Language: ENCN

Navigation Router

With Framework7 & React.js, we are already composing our application with components. All we need to do is map our components to the routes. Here's a basic example:

//Components.jsx
export const MainViews = () => (
  <Views>
    {/* Current View/Router */}
    <View>
      {/* All pages are rendered inside of Pages */}
      <Pages>
        {/* Initial Page /*}
        <Page>
          ...
          <Link href="/about/">About App</Link>
          <Link href="/login/">Login</Link>
        </Page>
      </Pages>
    </View>
  </Views>              
);

// Create Component for About page
export const About = () => (
  <Page name="about">...</Page>
);

// Create Component for Login page
export const Login = () => (
  <Page name="login">...</Page>
);

Now we need to map components to routes. It should be done in routes parameter on App Initialization

import {MainViews, About, Login} from './Components';

const App = () => (
  <Framework7App routes={[
    {
        path: '/about/',
        component: About
    },
    {
        path: '/login/',
        component: Login
    }
  ]}>
    <MainViews />
  </Framework7App>
);
  • Note that route components are intended to load Page components only. If you want to load other components in a route, they must be added as nested routes within a page route.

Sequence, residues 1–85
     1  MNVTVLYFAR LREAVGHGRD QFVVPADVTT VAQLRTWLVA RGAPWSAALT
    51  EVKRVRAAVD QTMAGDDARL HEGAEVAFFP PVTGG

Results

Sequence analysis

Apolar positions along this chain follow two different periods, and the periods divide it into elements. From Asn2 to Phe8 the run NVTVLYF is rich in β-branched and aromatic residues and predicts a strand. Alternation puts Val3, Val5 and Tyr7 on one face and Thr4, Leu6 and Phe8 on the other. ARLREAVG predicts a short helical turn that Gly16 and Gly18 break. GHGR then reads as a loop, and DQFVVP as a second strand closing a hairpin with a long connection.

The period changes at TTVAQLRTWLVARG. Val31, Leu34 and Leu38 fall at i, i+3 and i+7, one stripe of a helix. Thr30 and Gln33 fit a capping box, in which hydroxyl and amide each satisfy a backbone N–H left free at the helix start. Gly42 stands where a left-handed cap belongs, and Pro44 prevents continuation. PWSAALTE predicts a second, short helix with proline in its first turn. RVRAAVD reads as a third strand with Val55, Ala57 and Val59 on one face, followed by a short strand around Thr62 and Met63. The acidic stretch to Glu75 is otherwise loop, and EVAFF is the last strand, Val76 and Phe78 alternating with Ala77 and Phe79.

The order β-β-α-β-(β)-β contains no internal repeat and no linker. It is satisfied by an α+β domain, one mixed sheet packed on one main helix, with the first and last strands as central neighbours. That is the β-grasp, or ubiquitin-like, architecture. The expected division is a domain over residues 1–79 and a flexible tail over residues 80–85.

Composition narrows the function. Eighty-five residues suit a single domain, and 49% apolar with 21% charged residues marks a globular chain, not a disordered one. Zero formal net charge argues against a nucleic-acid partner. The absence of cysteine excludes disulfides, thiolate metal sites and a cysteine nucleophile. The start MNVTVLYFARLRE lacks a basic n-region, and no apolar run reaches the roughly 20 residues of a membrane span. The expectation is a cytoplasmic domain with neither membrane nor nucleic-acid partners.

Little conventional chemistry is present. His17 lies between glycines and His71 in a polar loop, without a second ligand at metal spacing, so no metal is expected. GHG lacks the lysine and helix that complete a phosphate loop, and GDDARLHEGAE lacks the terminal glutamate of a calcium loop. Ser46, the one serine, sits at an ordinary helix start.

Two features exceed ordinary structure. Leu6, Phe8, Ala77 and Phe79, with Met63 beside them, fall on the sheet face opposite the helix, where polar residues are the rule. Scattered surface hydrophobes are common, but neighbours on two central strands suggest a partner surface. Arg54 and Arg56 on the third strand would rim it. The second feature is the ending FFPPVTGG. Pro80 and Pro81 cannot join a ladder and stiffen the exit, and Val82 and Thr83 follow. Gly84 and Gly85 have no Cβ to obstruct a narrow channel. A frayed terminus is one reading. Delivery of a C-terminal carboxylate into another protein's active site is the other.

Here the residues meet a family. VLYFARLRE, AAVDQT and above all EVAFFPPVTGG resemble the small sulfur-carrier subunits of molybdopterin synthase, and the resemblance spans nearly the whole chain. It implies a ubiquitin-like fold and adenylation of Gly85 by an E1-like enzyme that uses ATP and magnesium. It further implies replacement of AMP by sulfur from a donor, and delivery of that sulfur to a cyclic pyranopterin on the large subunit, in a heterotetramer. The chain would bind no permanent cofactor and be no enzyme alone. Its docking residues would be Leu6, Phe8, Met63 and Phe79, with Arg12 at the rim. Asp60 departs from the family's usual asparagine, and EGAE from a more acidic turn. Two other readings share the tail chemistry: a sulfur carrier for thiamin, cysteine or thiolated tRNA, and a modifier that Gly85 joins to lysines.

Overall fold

• All pages are rendered inside of the Pages component of the current (or specified) View

  • Only one Pages component is allowed inside of one View

  • You may have as many Views as required (e.g. in Popup, in Side Panels)

Dynamic Route Matching

Very often we will need to map routes with the given pattern to the same component. In specified routes we can use a dynamic segment in the path to achieve that.

Let's say we have the following link:

<Link href="/user/45/posts/28/?sort=first#opened">Read More</Link>

And the following pattern in specified route path:

import {PostPage} from './Post';

let currentRoute;

export const getCurrentRoute = () => currentRoute;

const App = () => (
  <Framework7App onRouteChange={route => currentRoute = route} routes={[
    {
      // We can use pattern here:
      path: '/user/:userId/posts/:postId',
      component: PostPage
    }
  ]}>
    <MainViews />
  </Framework7App>
);

We can now access these route parameters in our PostPage component:

//Post.jsx
import {getCurrentRoute} from './App'

const Post = (props) => {
  const route = getCurrentRoute();

  return (
    <Page>
      <Navbar title="Post" />
      <ul>
        <li>Route: {route.route}</li>
        <li>Url: {route.url}</li>
        <li>Path: {route.path}</li>
        <li>User ID: {route.params.userId}</li>
        <li>Post ID: {route.params.postId}</li>
        <li>Query: {JSON.stringify(route.query)}</li>
        <li>Hash: {route.hash}
      </ul>
      {/* Route params are also passed as component props: */}
      <p>User ID: {props.userId}</p>
      <p>Post ID: {props.postId}</p>
    </Page>
  );
};

And the output will be:

...
<ul>
  <li>Route: /user/:userId/posts/:postId</li>
  <li>Url: /user/45/posts/28/?sort=first#opened</li>
  <li>Path: /user/45/posts/28/</li>
  <li>User ID: 45</li>
  <li>Post ID: 28</li>
  <li>Query: {"sort":"first"}</li>
  <li>Hash: opened</li>
</ul>
<p>User ID: 45</p>
<p>Post ID: 28</p>
...

The current route has the following properties:

Nested Routes

Child components within a page can be controlled via routes. Currently, this is only supported for tabs, but other components may be added in the future.